It’s not easy for a game franchise to live on for 20 years. Rarer still for a series to be going strong. Yet The Sims is at the top of its game as it celebrates two decades under its belt.
The Sims came out on February 4, 2000, and in its current iteration, The Sims 4, the series continues to pull in significant player traffic and revenue for its publisher, Electronic Arts. Even as fans hope for The Sims 5, the team is perfecting the current game, which came out in 2014, with regular updates and new DLC.
“There is a lot left to do. It’s pretty funny, because our fans are always like,” It’s going on its sixth year, surely you’re done,” and we’re like, “Nope!” EA Senior Producer Grant Rodiek, who’s worked on The Sims since 2005, says.
That success can be attributed to the game’s active community, which continues to grow and passed 20 million lifetime global players ahead of The Sims 20th anniversary milestone. EA says The Sims 4 passed $1 billion in lifetime revenue in the company’s last financial year.
Impressive numbers aside, The Sims 4 team continues to surprise fans 20 years on by looking beyond its history. The latest Stuff Pack, a bite-sized DLC sold for $10, let players make trendy tiny homes. Another recent free update added The Child statue, a sculpture of the beloved Baby Yoda.
To be sure, the game has suffered some missteps. The launch fell just short of a disaster with key gameplay components, including pools, the toddler life stage, and ghosts, missing.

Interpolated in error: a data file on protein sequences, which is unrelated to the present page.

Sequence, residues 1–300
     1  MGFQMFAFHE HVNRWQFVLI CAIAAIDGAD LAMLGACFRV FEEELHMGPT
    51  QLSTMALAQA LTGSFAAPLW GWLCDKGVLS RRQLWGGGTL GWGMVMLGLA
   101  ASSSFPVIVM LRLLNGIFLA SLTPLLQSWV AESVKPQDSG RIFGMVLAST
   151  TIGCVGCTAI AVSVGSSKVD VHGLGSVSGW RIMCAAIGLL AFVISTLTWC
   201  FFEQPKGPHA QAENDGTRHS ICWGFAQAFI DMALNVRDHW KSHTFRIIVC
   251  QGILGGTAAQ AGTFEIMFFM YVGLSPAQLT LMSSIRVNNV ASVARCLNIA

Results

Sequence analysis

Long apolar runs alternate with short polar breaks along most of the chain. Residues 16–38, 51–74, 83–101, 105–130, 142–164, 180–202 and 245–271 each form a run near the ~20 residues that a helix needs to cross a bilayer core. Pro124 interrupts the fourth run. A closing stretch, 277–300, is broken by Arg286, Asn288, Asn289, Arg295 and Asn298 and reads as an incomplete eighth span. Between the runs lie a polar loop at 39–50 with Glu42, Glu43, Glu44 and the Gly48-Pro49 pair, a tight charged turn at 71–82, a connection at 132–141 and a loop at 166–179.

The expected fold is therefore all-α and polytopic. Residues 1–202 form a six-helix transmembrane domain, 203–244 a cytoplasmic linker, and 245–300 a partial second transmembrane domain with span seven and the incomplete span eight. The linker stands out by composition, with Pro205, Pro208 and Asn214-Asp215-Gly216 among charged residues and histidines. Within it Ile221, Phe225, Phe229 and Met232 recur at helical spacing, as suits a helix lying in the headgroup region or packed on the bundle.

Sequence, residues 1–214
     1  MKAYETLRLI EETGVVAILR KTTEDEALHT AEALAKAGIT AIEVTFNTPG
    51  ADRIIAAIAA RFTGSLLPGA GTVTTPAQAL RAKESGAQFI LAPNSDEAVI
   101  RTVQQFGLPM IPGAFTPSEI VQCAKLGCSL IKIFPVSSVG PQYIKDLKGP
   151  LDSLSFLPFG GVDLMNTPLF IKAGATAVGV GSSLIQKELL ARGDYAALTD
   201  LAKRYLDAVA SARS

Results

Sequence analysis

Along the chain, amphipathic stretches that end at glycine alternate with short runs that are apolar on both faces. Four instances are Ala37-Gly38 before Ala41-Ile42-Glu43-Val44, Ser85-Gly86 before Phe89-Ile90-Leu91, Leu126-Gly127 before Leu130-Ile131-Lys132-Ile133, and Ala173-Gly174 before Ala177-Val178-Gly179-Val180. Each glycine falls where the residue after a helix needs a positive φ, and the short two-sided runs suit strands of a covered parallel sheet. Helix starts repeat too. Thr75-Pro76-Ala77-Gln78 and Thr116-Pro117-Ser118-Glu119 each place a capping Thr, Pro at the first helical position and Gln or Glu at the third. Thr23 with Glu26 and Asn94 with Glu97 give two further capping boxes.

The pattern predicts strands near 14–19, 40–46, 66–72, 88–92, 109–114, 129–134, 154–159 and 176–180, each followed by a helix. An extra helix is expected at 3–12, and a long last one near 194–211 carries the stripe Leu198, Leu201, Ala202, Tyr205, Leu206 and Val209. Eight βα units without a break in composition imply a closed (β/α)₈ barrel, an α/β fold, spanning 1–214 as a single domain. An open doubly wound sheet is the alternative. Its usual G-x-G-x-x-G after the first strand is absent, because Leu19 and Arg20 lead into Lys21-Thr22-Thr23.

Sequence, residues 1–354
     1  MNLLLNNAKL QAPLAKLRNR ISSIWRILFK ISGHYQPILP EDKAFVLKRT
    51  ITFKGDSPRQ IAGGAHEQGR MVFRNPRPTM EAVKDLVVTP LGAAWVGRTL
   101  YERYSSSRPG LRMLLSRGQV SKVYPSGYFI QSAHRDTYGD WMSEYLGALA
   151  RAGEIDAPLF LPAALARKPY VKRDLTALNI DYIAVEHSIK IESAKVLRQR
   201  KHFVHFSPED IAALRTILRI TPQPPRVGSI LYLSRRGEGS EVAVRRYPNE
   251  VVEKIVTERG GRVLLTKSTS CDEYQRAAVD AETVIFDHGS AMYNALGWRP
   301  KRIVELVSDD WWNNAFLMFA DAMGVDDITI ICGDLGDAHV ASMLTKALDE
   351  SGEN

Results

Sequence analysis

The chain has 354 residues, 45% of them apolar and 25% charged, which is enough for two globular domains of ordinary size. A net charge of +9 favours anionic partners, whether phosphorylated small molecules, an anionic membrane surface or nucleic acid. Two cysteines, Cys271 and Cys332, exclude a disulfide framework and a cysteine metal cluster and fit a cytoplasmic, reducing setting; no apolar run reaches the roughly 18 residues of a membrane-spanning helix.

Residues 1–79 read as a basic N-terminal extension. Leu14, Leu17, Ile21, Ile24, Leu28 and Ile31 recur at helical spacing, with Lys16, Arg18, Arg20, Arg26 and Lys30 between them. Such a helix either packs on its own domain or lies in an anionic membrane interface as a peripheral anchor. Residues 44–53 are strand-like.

“When you look at those first several months, we basically put our nose to the grindstone we released a ton of updates and patches, a lot of free content,” Rodiek says.
The team at EA studio Maxis, which created the series, offered each of those missing pieces in time. Fans eventually came around, albeit with some expected grumbling.
The issue proved The Sims’ resilience, far more than a cheap trick like the swift removal of a ladder from a pool. In early versions of The Sims 4, removing the ladder meant Sims could never leave the pool and, eventually, died.
Therein lies the appeal. Somehow, the ladderless pool remains a cultural mainstay in The Sims 4 community, though Sims have since gained the ability to simply climb out of pools. The games are well-known, even among those who don’t play them.
“It’s one of the few games that is truly about choice, where you can do a lot of things that you think in your head, and you can actually do them,” Rodiek says. “It’s a game about creative expression, creativity.”
It’s easy to write this off as self-absorption, with players making virtual versions of themselves, but that wouldn’t explain the requests Rodiek gets to design things like more immersive public bathrooms. It also can’t account for players sticking with the game for years, leading to hours of game time, and endless replays.
It’s important to note that, beyond the rarity of having a hit 20 years after launch, The Sims remains a singular franchise. It popularized the life simulation genre and spawned side games and mobile apps, yet it remains the king of the genre. No one has managed to lure the game’s fans away.
“It’s a really fun job. It’s very unique. It’s a weird game,” Rodiek says. “We have a very unique and passionate audience, and I’m just very thankful that I don’t have to do something else.”
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